This is the Trust’s fourth Inspiring Explorers’ Expedition following a crossing of South Georgia in 2015, the summiting of Mt Scott in 2017, and the successful 560km crossing of the Greenland ice cap earlier this year. The Trust is partnering with One Ocean Expeditions for the 2019 expedition.
Re-introducing Scott Base Central Otago Pinot Noir, Pinot Noir Reserve and Chardonnay
Intrepid spirits across Aotearoa already count Scott Base wines amongst their favourite drops and now these old friends are getting a new look.
The new labels reflect the unpretentious quality for which Scott Base vineyard is well known. “Sophisticated and unfussy – just like the contents of the bottle,” says Director of Wine Josh Scott.
“The brand has really matured in the last few years and we wanted the bottles to show that. Of course, we wouldn’t dream of changing the wine itself, these are family favourites and there would be mutiny at the dinner table!”
Although the vineyard was named in honour of treasured Scott family holiday memories, the serendipitous link to Sir Ed’s legacy in Antarctica has become a key touchstone as the vineyard continues its partnership with the Antarctic Heritage Trust.
“Our family always celebrated big events with trips to the Otago region. Heading south always feels like sliding into home base. The Antarctic connection in the name was a happy accident and it’s allowed us to organically develop a really rewarding partnership with the Antarctic Heritage Trust,” says Scott.
For more than a decade, the Scott family has supported the trust, which cares for the remarkable expedition bases of early Antarctic explorers, including Captain Robert Falcon Scott, Sir Ernest Shackleton and Sir Edmund Hillary. Scott Base (the wine, that is) donates a percentage of all sales of their premium product to the trust and provides wine to events and ongoing activities.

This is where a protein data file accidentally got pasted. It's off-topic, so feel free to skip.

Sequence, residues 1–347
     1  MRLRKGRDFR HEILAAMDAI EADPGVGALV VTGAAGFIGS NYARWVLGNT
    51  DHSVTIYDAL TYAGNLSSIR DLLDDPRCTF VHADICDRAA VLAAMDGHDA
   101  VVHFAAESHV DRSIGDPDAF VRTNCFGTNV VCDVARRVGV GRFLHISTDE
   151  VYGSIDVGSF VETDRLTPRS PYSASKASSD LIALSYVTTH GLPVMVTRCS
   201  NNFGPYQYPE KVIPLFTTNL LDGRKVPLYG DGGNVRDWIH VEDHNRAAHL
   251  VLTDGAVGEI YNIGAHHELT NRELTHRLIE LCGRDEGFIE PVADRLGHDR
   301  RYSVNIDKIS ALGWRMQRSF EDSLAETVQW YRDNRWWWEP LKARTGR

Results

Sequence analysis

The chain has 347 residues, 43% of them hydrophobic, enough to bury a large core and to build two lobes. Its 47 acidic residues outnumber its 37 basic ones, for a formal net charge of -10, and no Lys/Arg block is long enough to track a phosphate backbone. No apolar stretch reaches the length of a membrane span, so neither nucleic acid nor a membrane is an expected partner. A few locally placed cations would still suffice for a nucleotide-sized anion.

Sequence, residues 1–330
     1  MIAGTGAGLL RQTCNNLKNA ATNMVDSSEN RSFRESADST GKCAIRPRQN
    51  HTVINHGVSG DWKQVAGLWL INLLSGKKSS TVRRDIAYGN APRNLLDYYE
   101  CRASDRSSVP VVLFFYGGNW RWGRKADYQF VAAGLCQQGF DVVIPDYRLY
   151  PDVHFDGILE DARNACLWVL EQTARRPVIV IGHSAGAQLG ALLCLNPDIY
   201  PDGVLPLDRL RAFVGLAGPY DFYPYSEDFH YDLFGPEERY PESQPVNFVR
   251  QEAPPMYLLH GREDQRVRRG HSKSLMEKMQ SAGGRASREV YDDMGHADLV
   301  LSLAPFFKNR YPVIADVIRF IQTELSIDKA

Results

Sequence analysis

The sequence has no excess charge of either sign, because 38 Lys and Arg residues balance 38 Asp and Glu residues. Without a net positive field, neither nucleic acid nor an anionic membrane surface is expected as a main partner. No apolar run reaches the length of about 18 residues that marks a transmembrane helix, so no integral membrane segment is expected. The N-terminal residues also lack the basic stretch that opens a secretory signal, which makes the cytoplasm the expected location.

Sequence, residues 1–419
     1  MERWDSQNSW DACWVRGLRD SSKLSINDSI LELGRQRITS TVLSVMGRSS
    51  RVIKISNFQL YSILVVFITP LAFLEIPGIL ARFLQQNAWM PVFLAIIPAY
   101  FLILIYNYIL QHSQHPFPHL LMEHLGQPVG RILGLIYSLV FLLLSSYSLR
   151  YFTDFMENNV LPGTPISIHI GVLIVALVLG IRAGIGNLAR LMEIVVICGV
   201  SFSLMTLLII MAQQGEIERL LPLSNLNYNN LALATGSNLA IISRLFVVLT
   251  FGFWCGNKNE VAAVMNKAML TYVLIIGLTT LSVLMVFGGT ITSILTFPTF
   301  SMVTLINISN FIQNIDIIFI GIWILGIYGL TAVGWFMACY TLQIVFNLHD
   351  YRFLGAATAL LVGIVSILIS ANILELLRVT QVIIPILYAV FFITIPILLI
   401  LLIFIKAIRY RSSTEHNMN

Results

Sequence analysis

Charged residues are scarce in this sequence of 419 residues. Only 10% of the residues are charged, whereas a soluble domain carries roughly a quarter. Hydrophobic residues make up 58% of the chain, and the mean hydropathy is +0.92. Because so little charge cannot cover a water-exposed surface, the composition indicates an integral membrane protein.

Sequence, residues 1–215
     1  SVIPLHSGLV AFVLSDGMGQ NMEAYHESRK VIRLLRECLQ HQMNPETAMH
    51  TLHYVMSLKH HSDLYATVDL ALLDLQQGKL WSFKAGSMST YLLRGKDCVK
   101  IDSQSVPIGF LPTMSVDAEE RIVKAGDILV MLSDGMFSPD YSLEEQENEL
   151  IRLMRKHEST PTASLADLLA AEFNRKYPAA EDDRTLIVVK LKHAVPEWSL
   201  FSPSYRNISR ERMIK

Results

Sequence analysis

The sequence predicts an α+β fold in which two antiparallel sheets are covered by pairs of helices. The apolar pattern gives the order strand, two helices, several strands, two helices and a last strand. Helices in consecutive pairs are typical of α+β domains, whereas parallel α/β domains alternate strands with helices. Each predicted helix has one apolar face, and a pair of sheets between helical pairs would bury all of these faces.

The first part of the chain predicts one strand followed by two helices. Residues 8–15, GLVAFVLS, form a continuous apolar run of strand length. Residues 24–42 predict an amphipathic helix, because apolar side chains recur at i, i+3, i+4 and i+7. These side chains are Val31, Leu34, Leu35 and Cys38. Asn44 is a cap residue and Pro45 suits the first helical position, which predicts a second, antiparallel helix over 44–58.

With a single vineyard nestled in the heart of Central Otago, overlooking Lake Dunstan and framed by the majestic Pisa Range, Scott Base wines are the epitome of rugged sophistication.
The Cromwell vineyard offers wines made only in small quantities, carefully crafted to give full expression to their regional characters. With absolute focus on harvesting only the best fruit by hand, the wine has a velvety depth and intensity unique to the Scott Base range.
“Our avid customers can be assured our wines are the same delicious drops they know and love – and now they’re sporting a modern new look,” says Scott.
The Scott Base Pinot Noir is particularly memorable, exhibiting classic Central Otago aromatics of ripe cherries, raspberries and wild thyme. The palate is full of primary fruits and finishes with smooth tannins and oaky sweetness for a pleasing finish. Ideal with pâtés and peppery Italian cured meats, the Pinot also matches beautifully with beef and lamb dishes, while those with a sweet tooth are encouraged to try it with a rich, dark chocolate dessert.
The new-look Scott Base Pinot Noir, Pinot Noir Reserve and Chardonnay are on sale now at fine wine retailers across Aotearoa, online or – if you’re up for an adventure – straight from the cellar door.